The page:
Local turkey numbers are down


Water and Wings by Ken Parrott



Hunters checked 2,430 birds during Ohio’s opening day of wild turkey hunting season in the south zone on Monday, April 20, according to the Ohio Department of Natural Resources Division of Wildlife. Hunters harvested 2,979 wild turkeys during the 2019 south zone opening day.

In addition to Monday’s results, youth hunters harvested 1,843 during Ohio’s youth season on April 18-19. The state has two zones for spring turkey hunting: the south zone and the northeast zone. The south zone opening day was Monday, April 20. The northeast zone, which includes Ashtabula, Cuyahoga, Geauga, Lake, and Trumbull counties in Ohio’s snow belt, begins Monday, May 4.

The top 11 counties for wild turkey harvest during opening day of the 2020 south zone include: Harrison (93); Belmont (89); Guernsey (80); Tuscarawas (73); Jefferson (70); Monroe (69); Columbiana (65); Meigs (65); Washington (65); Brown (64) and Coshocton (64). Locally, Morrow, Knox, Richland, counties were significantly down compared to last year.

Ohio offers more opportunities for hunters of all ages to pursue wild turkeys. For 2020, the south zone is open to Sunday, May 17. The northeast zone dates are from Monday, May 4, to Sunday, May 31. Find complete details in the 2019-2020 Hunting and Trapping Regulations or at wildohio.gov. For summaries of past turkey seasons, visit wildohio.gov/turkeyharvest.

Hunting hours from April 20-26 in the south zone and May 4-10 in the northeast zone are 30 minutes before sunrise until noon. Hunting hours from April 27-May 17 in the south zone and May 11-31 in the northeast zone are 30 minutes before sunrise to sunset.

The spring turkey season bag limit is two bearded wild turkeys. Hunters may harvest one bearded turkey per day, and a second spring turkey permit may be purchased at any time throughout the spring turkey season. Turkeys are required to be checked no later than 11:30 p.m. the day of harvest. All hunters are required to report their turkey harvest using the automated game-check system, which is available online, by phone or at a participating license agent.

Hunters may hunt wild turkeys with shotguns or archery equipment. It is unlawful to hunt turkeys using bait, live decoys or electronic calling devices, or to shoot a wild turkey while it is in a tree. The Division of Wildlife advises turkey hunters to wear hunter orange clothing when entering, leaving or moving through hunting areas in order to remain visible to others.

• Thanks to thousands of reports from citizen scientists during February and March, 707 bald eagle nests have been confirmed in Ohio, according to the ODNR Division of Wildlife.

The bald eagle is one of Ohio’s greatest wildlife success stories. The nest census was the first undertaking to discover all such sites for the first time in eight years. The results show an increase of 151% from the 2012 census, when 281 nests were recorded in Ohio. The high number of nests represents the hard work and dedication put forth for Ohio’s wildlife.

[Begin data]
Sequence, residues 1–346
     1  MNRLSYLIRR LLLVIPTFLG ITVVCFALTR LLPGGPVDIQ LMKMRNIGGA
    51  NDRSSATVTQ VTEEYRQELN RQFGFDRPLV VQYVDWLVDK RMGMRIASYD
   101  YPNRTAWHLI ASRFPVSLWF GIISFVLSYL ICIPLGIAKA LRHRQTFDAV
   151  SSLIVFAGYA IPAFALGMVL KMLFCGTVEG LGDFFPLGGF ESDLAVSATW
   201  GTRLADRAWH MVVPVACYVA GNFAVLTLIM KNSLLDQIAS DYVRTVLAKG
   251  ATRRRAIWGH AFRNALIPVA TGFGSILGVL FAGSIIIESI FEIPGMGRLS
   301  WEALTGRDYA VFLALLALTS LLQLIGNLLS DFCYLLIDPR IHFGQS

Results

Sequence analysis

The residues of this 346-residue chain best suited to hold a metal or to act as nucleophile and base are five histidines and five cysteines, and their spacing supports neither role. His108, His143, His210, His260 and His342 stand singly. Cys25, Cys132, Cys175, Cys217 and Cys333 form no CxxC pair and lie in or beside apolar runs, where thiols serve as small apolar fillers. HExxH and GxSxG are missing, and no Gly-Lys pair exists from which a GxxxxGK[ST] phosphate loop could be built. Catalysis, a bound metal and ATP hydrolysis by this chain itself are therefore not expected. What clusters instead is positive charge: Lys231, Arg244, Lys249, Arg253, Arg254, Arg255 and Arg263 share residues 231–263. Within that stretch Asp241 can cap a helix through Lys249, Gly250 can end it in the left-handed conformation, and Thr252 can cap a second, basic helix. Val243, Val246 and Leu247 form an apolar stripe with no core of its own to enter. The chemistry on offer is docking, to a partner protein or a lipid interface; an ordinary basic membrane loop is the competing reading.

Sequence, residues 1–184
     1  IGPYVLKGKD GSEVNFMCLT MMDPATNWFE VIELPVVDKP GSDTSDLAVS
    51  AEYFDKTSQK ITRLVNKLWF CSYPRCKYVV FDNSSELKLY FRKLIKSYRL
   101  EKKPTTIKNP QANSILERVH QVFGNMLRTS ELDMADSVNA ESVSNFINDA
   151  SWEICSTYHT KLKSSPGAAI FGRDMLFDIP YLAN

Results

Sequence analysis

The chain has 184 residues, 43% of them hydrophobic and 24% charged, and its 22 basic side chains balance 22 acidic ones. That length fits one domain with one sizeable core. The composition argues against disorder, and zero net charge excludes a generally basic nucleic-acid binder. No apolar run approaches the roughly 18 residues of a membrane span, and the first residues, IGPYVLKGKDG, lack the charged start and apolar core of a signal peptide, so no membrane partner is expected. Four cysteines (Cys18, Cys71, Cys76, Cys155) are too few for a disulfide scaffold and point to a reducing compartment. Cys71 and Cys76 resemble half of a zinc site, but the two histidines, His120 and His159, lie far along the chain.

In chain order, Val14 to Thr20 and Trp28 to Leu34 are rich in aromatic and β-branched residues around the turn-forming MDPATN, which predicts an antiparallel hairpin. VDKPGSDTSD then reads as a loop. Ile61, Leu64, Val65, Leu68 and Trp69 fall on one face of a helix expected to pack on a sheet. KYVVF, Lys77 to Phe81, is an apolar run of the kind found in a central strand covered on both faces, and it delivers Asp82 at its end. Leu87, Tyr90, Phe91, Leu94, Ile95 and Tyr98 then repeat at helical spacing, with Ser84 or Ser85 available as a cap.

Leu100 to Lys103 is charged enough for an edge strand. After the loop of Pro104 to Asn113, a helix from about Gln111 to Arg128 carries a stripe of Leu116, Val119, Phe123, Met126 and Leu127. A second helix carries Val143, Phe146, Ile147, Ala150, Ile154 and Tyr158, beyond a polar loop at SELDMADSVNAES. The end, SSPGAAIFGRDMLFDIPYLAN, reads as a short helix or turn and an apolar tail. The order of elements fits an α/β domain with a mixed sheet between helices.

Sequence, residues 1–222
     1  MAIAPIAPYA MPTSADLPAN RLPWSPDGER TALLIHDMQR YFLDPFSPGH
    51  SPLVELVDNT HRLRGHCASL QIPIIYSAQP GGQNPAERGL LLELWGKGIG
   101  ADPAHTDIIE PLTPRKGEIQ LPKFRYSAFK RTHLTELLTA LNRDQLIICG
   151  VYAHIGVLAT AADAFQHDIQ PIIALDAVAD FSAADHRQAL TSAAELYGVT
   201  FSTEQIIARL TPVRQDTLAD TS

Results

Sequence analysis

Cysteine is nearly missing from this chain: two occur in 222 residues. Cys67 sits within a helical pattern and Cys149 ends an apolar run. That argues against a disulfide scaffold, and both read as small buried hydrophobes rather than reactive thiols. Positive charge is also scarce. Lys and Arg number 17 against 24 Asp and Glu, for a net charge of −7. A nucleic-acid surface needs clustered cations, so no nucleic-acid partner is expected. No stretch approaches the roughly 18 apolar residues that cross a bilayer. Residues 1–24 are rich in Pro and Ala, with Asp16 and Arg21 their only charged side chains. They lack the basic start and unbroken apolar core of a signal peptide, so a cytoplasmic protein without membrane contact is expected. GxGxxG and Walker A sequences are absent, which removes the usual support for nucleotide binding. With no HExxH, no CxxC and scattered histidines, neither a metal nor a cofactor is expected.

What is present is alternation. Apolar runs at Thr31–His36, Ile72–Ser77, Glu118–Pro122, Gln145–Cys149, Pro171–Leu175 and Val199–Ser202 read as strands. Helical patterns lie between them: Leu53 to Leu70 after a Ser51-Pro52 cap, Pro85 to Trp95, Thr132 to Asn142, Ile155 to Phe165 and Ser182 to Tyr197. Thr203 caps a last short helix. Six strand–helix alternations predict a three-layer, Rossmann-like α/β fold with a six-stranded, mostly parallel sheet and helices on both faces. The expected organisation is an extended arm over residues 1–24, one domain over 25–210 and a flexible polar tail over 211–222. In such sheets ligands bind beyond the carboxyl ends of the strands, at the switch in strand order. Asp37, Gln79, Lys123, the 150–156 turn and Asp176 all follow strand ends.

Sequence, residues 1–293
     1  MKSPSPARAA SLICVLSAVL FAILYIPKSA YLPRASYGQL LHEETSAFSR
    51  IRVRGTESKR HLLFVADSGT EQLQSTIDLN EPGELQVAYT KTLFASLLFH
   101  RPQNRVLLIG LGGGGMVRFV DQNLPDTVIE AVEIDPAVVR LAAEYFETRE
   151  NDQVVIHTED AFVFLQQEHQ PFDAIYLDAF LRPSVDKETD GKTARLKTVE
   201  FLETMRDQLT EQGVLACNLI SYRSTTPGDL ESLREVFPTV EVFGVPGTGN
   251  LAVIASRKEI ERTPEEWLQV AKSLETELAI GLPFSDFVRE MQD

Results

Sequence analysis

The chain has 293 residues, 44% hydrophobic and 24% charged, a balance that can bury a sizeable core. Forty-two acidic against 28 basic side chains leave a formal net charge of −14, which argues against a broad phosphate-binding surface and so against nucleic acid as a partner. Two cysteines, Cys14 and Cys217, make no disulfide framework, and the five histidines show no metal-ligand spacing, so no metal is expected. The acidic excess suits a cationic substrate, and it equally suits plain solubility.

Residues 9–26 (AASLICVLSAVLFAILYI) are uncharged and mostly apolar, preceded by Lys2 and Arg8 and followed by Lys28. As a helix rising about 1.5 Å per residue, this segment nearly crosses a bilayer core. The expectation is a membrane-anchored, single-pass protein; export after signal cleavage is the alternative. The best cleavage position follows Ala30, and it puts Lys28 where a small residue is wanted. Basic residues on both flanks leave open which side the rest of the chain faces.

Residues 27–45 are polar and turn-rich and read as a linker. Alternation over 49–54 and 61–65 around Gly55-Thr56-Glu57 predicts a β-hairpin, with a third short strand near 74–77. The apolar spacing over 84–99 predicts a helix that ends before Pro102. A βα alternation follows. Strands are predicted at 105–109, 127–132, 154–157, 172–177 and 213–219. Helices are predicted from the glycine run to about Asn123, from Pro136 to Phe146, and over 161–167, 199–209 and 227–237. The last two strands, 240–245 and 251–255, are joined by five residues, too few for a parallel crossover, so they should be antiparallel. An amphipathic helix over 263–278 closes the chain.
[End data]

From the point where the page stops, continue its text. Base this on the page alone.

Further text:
The Division of Wildlife received approximately 2,500 reports from the public for the 2020 census. Wildlife staff, including wildlife officers and biologists, verified nest locations in 85 counties.

Counties along or near Lake Erie have the highest number of bald eagle nests. Bald eagles thrive near Lake Erie because of the abundance of food and nesting habitat. The 12 counties with the highest number of eagle nests include: Ottawa (90), Sandusky (50), Erie (32), Trumbull (26), Seneca (24), Wyandot (19), Lucas (18), Licking (17), Ashtabula (16), Knox (16), Mercer (16) and Wood (16). Locally, Morrow County has 4, Marion 11, Richland 14, and Crawford 6.

The bald eagle was once an endangered species, with only four nesting pairs in Ohio in 1979. However, thanks to partnerships between the Division of Wildlife, Ohio zoos, wildlife rehabilitation facilities, concerned landowners, and sportsmen and women, its population increased. After much hard work and continued conservation, the bald eagle was removed from the federal list of threatened and endangered species in 2007 and from Ohio’s list in 2012.

Excellent viewing opportunities can be found at Magee Marsh Wildlife Area (Lucas and Ottawa counties), Pickerel Creek Wildlife Area (Sandusky County), Ottawa National Wildlife Refuge (Lucas and Ottawa counties), Mosquito Creek Wildlife Area (Trumbull County) and Killdeer Plains Wildlife Area (Wyandot and Marion counties). In southern Ohio, eagle nests are found near major rivers such as the Muskingum, Hocking, Scioto and Great Miami.

Bald eagles in Ohio typically lay eggs and incubate in February and March. Young eagles leave the nest about three months later, usually in June. The birds nest in large trees such as sycamores, oaks, and cottonwoods near large bodies of water. Fish and carrion are preferred foods.

Remember that bald eagles are protected under both state law and the federal Bald and Golden Eagle Protection Act. It is illegal to disturb bald eagles. When viewing these majestic birds, remember to respect the bird’s space and stay at least 100 yards away from the bird or nest. Disturbing bald eagles at the nest site could lead the pair to abandon the eggs.

As with many of Ohio’s native wildlife species, bald eagles require specific habitat conditions to thrive. Bald eagle habitat protection and research is funded by the sale of bald eagle conservation license plates, income tax check-off donations to the Endangered Species and Wildlife Diversity Fund and sales of the Ohio Wildlife Legacy Stamp.

Until next time, Good Hunting and Good FIshing!

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Water and Wings by Ken Parrott

Ken Parrott is an Agricultural Science teacher with Northmor High School.

Ken Parrott is an Agricultural Science teacher with Northmor High School.